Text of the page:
Published on Thursday, February 13, 2003 by CommonDreams.org
CIA Director Caves In
by Ray McGovern
Wanted: gas masks for CIA’s analysis directorate. Not because of Code Orange, but to stanch the stench and give analysts’ arms some rest. They have been holding their noses ever since CIA Director George Tenet’s testimony to the Senate Intelligence Committee on February 11.
Tenet caved in to political pressure to establish a link between Iraq and al-Qaeda. Equally important, he retracted key intelligence judgments of barely four months ago on Iraq.
As I watched the TV cameras pan Tenet sitting like a potted plant behind Secretary of State Colin Powell at the UN briefing on February 5, the subliminal message came through loud and clear: the CIA stands, or sits, foursquare behind what Powell is saying.
Never mind that most CIA analysts and the president’s father’s former national security adviser, Gen. Brent Scowcroft, still consider the evidence tying Iraq to al-Qaeda “scant.” Never mind that a “British intelligence” report described by Powell as “exquisite,” was based largely on a 12-year-old paper by a graduate student in California. As he looked on from his assigned seat, Tenet did not wince once.
In briefing the Senators, Tenet demonstrated high tolerance for cooking intelligence to the recipe of policy—a tolerance much higher than that of those analysts taken in by the verse chiseled into the marble at the entrance to CIA Headquarters—“And you shall know the truth, and the truth shall set you free.”
With neither embarrassment nor explanation, the CIA director backtracked on key judgments on Iraq that he gave the Senate committee in a letter of October 7, 2002. Those conclusions were call-them-as-you-see-them judgments in the best tradition of objective CIA analysis. But they brought on severe reflux among those at the White House and Pentagon who prefer to damn the torpedoes and press full speed ahead to invade Iraq.
The Director of the Defense Intelligence Agency, to his credit, included in his written testimony at the Senate briefing a fearful list of the “desperate measures” Iraq is expected to take if attacked. But not wanting to be the skunk at the picnic, he left that part out of his oral remarks.
In his October 7 letter, Tenet had asserted that the probability is low that Iraq would initiate an attack with weapons of mass destruction or give them to terrorists…UNLESS: “Should Saddam conclude that a U.S.-led attack could no longer be deterred, he probably would become much less constrained in adopting terrorists actions.”
An inconvenient judgment, to say the least, for those pressing for the US to conduct such an attack. And an unfortunate coincidence that Tenet’s letter came the very on which the president warned, in a major speech in Cincinnati, that “the risk is simply too great that Saddam Hussein will use instruments of mass death and destruction, or provide them to a terror network.”
Since Tenet has adduced no credible intelligence information warranting change in his October judgment, his decision to blow smoke when questioned on this key point on February 11 was remarkable—and, for CIA analysts, demoralizing in the extreme. Tenet is fortunate that CIA’s Inspector General is a reliable CIA bureaucrat and that so many CIA analysts have mortgages and kids in college. Otherwise, the outrage among analytic ranks might well spell revolution.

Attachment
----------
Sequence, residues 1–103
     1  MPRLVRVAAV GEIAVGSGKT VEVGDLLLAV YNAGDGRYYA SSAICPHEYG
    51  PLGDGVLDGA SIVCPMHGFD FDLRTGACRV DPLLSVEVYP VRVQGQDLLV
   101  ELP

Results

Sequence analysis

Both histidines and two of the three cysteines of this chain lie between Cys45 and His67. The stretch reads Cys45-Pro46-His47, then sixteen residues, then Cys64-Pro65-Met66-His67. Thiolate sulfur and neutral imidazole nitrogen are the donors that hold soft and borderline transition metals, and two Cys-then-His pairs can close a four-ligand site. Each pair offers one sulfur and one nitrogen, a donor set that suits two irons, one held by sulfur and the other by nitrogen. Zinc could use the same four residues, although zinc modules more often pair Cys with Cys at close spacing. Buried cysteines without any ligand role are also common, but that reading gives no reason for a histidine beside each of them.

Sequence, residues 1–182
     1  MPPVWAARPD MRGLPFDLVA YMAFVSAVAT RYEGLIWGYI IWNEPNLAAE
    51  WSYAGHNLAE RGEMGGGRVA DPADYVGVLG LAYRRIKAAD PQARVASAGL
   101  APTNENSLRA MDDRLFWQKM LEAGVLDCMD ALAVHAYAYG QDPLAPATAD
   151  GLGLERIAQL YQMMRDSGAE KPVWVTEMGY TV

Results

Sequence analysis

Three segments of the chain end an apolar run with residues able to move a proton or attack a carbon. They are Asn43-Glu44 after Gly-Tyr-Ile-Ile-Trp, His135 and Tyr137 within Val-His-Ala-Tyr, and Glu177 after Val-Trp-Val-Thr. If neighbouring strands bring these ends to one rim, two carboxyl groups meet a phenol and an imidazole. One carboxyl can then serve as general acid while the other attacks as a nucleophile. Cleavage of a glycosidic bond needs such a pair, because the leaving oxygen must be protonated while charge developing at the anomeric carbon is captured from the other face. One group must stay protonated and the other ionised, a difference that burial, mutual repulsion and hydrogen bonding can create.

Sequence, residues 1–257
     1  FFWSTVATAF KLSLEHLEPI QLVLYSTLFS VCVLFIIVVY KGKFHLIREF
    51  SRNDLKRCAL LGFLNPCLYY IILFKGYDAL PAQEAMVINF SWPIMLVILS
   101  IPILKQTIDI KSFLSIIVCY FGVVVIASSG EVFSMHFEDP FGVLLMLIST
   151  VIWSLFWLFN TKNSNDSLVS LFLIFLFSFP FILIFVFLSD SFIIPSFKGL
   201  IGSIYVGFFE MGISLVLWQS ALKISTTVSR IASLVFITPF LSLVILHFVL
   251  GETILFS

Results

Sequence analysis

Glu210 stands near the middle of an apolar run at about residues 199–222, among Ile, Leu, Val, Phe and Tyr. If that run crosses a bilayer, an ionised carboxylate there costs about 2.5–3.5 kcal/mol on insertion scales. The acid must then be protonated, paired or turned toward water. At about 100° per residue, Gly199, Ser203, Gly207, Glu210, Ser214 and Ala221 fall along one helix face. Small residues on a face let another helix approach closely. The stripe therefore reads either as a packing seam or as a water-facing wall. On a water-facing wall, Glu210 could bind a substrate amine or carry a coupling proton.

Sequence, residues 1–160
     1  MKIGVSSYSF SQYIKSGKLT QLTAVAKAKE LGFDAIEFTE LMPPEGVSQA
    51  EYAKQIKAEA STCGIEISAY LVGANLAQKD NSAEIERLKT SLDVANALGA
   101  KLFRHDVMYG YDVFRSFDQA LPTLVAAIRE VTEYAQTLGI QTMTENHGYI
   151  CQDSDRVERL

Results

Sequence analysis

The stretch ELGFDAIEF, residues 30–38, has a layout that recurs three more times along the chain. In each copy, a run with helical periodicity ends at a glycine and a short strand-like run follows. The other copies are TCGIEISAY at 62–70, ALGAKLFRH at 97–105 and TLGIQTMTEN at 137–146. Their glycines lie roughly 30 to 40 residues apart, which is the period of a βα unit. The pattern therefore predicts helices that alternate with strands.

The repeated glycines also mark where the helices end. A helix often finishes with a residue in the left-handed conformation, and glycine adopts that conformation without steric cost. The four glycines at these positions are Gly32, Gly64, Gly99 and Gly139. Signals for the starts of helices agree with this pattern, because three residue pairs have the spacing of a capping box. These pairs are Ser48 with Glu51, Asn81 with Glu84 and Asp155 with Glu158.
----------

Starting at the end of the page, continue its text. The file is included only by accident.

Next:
With his February 11 testimony Tenet wins the dubious distinction of joining the club of predecessor CIA directors who, in the words of the widely respected CIA alumnus/historian, Harold Ford, “felt they had to adjust what might be called ‘pure’ intelligence judgments to ‘practical’ political considerations, lest they lose their place at the president’s table.”
Who does lose? The integrity of the intelligence process is one important casualty. But the real losers are the young men and women we send off to battle and whose names we later chisel into a wall.
Take Vietnam, for example. In early 1967, CIA analysts, led by a young analyst named Sam Adams demonstrated that there were more than twice as many Vietnamese Communist forces as the US military listed on its books. General William Westmoreland’s staff had reduced the numbers for political reasons.
The general was adamant, so CIA Director Helms caved. In November 1967 Helms signed and gave to President Johnson a formal National Intelligence Estimate enshrining the Army’s count of between 188,000 and 208,000 for enemy strength. My CIA analyst colleagues were aghast; their best estimate was 500,000.
Had Helms told the truth, the war could have ended much sooner. Rather, it dragged on for seven more years, filling the entire left half of the Vietnam Memorial in Washington with the names of those killed or missing in action.
I have a vivid memory of Sam Adams telling me at the time about a comment made to him by one of the most senior CIA officials. “Have we gone beyond the bounds of reasonable dishonesty?” the official asked. “We” had indeed. The question speaks volumes regarding the willingness of senior agency officials to politicize intelligence analysis at a time when it is critically necessary to speak truth to power—a time like now. Déjà vu.
Ray McGovern was a CIA analyst for 27 years and is a co-founder of Veteran Intelligence Professionals for Sanity (VIPS). He is co-director of the Servant Leadership School, an outreach ministry in the inner city of Washington.